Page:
Conservation workers and volunteers were racing against time Tuesday to try to save 123 pilot whales beached on New Zealand's South Island, officials said. At least three of the pod died before they could be shepherded back out to sea, they said. Department of Conservation area manager John Mason said workers had tracked the pod of whales since they were first seen early Tuesday apparently confused and milling around near the shore.
The first whale had stranded in the early afternoon and the rest of the pod of 4-5 meter (13-16 foot) long whales beached progressively on the shallow sandy shore. "It wasn't a great surprise to us when they began to strand when the tide turned and began to go out," he said.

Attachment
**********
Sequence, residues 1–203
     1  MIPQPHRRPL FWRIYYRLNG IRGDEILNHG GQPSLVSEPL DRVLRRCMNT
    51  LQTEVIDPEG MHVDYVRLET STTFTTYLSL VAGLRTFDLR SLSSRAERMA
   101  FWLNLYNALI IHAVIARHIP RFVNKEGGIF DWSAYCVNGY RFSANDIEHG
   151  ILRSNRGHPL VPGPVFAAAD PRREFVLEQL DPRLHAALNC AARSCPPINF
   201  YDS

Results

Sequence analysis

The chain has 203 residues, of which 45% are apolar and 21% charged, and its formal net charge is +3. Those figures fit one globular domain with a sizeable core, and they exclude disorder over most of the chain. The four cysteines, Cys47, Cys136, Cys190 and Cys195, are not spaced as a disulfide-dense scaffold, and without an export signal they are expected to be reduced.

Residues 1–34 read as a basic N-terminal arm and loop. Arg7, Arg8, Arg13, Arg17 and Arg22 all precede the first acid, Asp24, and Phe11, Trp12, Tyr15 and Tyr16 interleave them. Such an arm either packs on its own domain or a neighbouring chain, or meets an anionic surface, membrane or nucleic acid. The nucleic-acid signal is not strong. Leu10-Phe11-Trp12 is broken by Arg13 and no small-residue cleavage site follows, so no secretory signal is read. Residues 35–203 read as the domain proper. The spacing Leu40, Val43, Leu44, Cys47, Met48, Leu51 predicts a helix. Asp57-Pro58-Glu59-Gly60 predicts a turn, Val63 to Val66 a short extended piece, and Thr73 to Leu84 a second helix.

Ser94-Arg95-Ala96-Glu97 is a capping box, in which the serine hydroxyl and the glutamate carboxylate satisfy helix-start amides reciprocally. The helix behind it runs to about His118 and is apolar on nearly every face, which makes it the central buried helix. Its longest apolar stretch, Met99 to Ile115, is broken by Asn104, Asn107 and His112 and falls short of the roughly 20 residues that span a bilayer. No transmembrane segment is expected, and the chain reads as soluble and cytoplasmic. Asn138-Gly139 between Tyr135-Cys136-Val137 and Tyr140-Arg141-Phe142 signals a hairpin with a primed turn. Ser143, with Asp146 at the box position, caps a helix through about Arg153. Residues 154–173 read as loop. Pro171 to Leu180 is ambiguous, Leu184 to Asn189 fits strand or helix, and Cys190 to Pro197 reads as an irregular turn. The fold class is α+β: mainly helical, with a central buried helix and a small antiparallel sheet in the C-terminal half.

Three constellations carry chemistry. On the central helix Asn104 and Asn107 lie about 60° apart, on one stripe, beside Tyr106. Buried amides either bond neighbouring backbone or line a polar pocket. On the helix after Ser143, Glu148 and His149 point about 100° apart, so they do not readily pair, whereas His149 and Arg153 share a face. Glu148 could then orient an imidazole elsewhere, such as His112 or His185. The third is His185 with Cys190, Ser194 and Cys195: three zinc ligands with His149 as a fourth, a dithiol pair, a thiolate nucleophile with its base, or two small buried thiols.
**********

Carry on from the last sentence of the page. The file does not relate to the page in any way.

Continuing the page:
About 100 local people had volunteered to try to keep the whales alive on the beach near Farewell Spit in the north of South Island, Mason said.
"We've got wet sheets and blankets over them and we're pouring water over those to keep the animals wet and cool. We've also got some pumps down there so we're going set up some sprinkler systems," he said.
The volunteers and conservationists, however, would have to leave the beach before it got dark, he said, leaving the whales to survive for several hours until high tide at 2:00 a.m. Wednesday (1300 GMT Tuesday).
"We're hoping that a number of these will refloat themselves," Mason said, adding there would be a second chance at another high tide later Wednesday.
There have been other mass strandings in the area, the last in 1998 when about the same number of whales had beached. "Past experience tells us that about 30 percent will refloat themselves tonight," Mason said, reports the AP. I.L.
Not only discrimination but also the culture of violence is deep-rooted in the United States. Fed by the elites, racial differences become social inequality